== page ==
The Piloting phase has sub phases. As an organization adopts Agile, they commonly roll it out from a single amateur team to a single intermediate team, followed by multiple amateur and intermediate teams under one program. An organization should not consider expanding its Agile adoption until all the initial teams have adopted Agile and are performing sprints with success.
The expanding phase is when an organization is migrating from a single program having one or more intermediate teams (pilot adoption) to multiple programs having multiple intermediate teams on each. Prior to this phase, the organization should have proven its current adoption under a single program using quantifiable measurements derived from the business and SDLC process. From there, an organization can take its template of success and expand it across all of its programs, with each program going through the adoption phases. However this time, new teams under the programs would benefit from having a proven, organization-specific blueprint for success.
The reality is that every organization is different. For this reason, every organization requires a unique Agile adoption plan. What made one organization successful might not work for another organization. Similarly, the plan used for one program might not produce the same results for another program, even within the same Agile organization. While they might be very similar, teams may decide that something else works better and produces greater value in their unique program requirements. An organization should always be open to slight variations of business and SDLC processes from program to program. The focus of Agile is being lean, and to create as much business and user value as possible each sprint. This is why organizations should use the retrospective to constantly update its SDLC process. The team should always be the arbiter of what is most efficient, and what produces the greatest value for the business and users. While the explorers established the business and SDLC framework for which the programs would be governed by in the piloting phase, the teams conducting the actual sprints will need to make whatever adjustments are necessary to make things lean, produce great value, and meet the SDLC success criteria.
As such, an expanding Agile adoption will frequently adapt its SDLC from program to program based on success and failures, until such time that the entire organization is running multiple programs which have seamless SDLC productions which meet all the SDLC success criteria.
Some example success factors for an Agile organization (Cornacchia, 2009) would be that each team is cross-functional, self-managed and directed, produces nothing but value, focuses output based on the people who add value, measures value as a derivative of demand, optimized across the entire organization and programs.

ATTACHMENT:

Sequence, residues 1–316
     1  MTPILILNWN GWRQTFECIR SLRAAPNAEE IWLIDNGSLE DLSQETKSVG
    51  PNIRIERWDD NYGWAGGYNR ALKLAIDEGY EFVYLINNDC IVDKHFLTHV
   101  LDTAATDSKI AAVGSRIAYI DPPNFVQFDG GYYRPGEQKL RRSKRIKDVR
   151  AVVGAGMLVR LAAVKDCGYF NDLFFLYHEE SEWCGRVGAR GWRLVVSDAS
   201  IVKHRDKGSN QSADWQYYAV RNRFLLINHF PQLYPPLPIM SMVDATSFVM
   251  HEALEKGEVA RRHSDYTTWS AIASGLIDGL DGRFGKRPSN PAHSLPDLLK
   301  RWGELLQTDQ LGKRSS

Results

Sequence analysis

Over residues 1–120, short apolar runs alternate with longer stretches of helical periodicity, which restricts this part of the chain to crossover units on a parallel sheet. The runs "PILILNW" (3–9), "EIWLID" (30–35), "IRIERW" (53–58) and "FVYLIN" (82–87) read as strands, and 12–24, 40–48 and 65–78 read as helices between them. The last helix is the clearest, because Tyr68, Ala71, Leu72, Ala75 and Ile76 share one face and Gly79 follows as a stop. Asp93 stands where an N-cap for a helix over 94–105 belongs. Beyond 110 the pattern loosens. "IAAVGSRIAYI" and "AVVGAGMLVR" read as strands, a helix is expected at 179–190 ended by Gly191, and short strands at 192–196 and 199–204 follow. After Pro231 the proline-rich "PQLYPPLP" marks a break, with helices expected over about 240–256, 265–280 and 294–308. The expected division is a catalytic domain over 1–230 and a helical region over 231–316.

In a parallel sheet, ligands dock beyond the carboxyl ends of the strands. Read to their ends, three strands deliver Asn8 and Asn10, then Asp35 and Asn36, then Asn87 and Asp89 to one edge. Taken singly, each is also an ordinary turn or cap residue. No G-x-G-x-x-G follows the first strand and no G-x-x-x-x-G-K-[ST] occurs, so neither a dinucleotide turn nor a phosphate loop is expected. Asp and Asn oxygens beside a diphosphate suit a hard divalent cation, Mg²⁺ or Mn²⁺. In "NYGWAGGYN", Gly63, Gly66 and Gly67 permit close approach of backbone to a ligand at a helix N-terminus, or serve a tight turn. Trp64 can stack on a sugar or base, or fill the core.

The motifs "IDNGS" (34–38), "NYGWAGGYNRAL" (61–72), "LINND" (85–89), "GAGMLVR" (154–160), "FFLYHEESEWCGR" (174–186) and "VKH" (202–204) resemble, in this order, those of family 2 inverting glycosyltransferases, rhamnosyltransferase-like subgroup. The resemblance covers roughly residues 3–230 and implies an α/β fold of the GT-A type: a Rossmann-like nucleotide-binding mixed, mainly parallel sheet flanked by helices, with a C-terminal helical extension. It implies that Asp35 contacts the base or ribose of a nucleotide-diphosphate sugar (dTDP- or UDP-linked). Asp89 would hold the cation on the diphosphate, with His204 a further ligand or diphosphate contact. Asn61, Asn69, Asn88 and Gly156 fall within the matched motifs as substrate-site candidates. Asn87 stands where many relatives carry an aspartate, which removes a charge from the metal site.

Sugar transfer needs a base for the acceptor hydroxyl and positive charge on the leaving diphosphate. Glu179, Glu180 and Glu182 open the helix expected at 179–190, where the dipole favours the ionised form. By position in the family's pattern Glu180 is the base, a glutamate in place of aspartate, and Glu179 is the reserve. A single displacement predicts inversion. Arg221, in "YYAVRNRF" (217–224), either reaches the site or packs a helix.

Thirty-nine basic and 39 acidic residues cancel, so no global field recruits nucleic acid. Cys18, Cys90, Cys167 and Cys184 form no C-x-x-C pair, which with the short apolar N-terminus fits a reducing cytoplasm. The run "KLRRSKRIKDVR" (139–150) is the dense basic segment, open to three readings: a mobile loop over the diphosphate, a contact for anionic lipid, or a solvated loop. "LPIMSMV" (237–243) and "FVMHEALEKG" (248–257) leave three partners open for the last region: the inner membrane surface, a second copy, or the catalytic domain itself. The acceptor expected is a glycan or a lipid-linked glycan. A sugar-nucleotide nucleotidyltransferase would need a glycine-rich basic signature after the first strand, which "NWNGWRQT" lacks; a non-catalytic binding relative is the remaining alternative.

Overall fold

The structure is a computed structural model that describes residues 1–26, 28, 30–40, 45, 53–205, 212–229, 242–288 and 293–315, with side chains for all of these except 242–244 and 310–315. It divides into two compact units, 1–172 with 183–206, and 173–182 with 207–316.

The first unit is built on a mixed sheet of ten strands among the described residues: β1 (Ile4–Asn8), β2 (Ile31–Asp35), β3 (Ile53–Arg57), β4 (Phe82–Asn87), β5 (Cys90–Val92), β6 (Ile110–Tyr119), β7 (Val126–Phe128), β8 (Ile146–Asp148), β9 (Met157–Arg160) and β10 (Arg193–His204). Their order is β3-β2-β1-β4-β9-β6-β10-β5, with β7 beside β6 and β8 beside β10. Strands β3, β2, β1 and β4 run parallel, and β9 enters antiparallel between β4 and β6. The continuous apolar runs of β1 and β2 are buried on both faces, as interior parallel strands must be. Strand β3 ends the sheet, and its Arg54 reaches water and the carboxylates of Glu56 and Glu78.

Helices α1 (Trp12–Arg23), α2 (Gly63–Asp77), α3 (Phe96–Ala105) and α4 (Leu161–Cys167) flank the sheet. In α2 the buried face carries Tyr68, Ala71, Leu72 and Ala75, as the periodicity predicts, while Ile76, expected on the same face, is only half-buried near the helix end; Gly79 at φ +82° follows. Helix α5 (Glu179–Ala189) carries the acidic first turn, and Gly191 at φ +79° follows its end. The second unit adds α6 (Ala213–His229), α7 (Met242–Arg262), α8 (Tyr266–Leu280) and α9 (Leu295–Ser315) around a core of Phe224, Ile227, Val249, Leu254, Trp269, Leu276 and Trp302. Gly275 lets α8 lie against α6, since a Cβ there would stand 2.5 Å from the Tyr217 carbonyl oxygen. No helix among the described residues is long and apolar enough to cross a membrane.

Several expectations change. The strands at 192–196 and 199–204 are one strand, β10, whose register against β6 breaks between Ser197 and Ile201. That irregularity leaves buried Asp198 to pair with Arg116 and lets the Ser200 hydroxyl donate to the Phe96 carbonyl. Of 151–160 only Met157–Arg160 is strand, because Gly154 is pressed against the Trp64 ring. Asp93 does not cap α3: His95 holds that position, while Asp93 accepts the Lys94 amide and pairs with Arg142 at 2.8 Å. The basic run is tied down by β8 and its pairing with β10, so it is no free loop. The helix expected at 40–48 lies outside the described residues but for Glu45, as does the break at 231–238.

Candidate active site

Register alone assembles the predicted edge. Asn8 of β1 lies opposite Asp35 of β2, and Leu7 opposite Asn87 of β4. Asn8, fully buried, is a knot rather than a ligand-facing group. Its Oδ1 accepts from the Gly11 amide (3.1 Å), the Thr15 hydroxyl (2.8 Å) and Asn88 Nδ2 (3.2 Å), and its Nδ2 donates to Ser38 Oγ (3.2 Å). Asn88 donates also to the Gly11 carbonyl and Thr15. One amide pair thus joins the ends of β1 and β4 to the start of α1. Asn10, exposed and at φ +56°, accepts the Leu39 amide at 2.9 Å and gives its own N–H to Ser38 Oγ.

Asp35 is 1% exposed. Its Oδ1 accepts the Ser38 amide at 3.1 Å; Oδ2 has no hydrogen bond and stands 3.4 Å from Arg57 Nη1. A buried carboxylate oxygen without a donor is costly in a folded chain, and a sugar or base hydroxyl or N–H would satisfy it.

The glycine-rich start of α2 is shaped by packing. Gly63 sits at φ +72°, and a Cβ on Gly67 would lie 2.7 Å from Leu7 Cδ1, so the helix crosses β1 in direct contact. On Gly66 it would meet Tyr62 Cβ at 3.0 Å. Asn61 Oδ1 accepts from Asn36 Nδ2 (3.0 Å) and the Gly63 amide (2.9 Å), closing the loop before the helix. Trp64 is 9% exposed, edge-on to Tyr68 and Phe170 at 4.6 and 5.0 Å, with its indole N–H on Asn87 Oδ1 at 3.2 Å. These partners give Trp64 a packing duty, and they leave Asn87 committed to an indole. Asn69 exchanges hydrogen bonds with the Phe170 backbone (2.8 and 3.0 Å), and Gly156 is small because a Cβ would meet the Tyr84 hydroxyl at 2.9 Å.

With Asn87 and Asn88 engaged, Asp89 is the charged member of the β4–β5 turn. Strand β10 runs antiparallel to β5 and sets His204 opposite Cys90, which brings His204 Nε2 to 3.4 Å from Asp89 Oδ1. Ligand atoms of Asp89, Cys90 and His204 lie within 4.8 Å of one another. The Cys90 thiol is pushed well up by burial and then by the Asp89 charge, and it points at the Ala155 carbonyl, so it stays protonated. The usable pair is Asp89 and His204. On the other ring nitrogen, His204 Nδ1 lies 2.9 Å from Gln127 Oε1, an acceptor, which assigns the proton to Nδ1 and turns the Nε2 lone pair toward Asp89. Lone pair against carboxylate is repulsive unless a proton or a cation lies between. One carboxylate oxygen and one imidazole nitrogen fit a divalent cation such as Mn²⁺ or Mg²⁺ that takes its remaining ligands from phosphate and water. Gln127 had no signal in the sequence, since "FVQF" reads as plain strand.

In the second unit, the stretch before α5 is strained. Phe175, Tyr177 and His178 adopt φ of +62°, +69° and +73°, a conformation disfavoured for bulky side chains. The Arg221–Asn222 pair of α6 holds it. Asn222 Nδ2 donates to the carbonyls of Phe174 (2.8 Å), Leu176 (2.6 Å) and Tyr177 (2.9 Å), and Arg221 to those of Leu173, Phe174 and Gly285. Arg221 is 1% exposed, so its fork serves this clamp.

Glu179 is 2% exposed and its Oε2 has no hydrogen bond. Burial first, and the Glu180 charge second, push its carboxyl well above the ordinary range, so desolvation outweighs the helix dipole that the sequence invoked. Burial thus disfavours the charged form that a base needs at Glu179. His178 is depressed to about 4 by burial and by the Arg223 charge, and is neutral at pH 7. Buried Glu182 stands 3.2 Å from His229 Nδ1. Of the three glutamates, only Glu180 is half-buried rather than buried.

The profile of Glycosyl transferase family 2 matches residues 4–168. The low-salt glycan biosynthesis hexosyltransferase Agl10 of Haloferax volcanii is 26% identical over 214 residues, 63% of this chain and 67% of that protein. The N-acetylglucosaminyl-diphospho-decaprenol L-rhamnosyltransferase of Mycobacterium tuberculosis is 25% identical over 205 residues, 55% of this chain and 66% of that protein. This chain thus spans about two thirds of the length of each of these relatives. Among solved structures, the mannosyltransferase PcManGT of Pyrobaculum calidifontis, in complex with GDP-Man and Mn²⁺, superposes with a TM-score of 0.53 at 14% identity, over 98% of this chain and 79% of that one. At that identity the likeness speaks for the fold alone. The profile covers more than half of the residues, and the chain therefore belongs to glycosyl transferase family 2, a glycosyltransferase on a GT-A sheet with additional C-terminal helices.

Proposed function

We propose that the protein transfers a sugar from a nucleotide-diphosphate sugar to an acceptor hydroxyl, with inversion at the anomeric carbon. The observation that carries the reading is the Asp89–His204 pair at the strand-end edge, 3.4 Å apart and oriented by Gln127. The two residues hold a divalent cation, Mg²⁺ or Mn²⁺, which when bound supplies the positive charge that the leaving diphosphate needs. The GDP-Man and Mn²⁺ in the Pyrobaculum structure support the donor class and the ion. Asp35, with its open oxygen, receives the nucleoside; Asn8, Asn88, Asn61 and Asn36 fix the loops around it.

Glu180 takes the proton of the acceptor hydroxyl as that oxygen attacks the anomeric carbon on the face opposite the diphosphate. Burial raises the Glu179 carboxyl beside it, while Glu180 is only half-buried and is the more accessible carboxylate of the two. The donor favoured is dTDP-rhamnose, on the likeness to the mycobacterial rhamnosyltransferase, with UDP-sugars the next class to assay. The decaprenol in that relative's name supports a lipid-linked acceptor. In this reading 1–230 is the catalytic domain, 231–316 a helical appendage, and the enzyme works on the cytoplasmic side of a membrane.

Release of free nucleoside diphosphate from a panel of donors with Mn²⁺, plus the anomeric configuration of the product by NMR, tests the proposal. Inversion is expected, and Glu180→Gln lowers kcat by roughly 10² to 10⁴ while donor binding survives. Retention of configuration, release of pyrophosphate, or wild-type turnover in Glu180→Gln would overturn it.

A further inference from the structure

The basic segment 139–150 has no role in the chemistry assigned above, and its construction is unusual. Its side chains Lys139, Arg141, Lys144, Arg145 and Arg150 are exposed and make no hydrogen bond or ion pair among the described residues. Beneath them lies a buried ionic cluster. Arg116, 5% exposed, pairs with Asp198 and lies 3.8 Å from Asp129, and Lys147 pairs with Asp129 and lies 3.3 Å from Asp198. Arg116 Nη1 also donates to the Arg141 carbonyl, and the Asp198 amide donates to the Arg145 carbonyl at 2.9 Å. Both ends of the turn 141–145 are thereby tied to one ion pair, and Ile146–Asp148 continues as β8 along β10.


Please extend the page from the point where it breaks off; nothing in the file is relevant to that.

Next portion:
A mature Agile adoption is really an organization which has become an Agile SDLC center of excellence, meeting and exceeding all of its SDLC success criteria and are experts in eliminating SDLC waste in multiple teams, and multiple programs. Small organizations could consider themselves mature, so as long as they never have the need to operate multiple programs; however, even a small organization must have experience running multiple teams under a single program before they could be considered mature.
A mature or “expert” Agile organization will have removed all waste from their SDLC. The seven key factors of waste (Poppendieck, 2002) which are most prevalent in an SDLC are;
- Extra Processing Steps
Managing Requirements with Agile
From what I have experienced, one of the most common mistakes a novice makes while implementing an Agile SDLC is thinking that defining requirements and making thorough plans are wasteful, obsolete and not needed. Some new practitioners might read the manifesto as well as other pro-Agile literature and come to the conclusion that project planning in the form of detailed requirements, use cases, wire frames and etc would be considered a poor implementation of the Agile SDLC is used. This simply is not true.
Agile at its core is all about lean processes which produce great value in frequent increments. How an organization manages its requirements is still very important to the SDLC. No matter what SDLC an organization uses, if the requirements are not properly managed and communicated – it will undoubtedly lead to project failure. As many as 71 percent of software projects that fail do so because of poor requirements management, making it the single biggest reason for project failure (Lindquist, November 15th 2005). Additionally, 9,236 IT projects surveyed in 2004 found that the top three causes of project failure were lack of user input, incomplete requirements or changing requirements (The Standish Group International, Inc., 2004). Every Agile project should have a plan based on value which properly captures scope and requirements so budget and resources can be properly calculated to complete the release plan with success.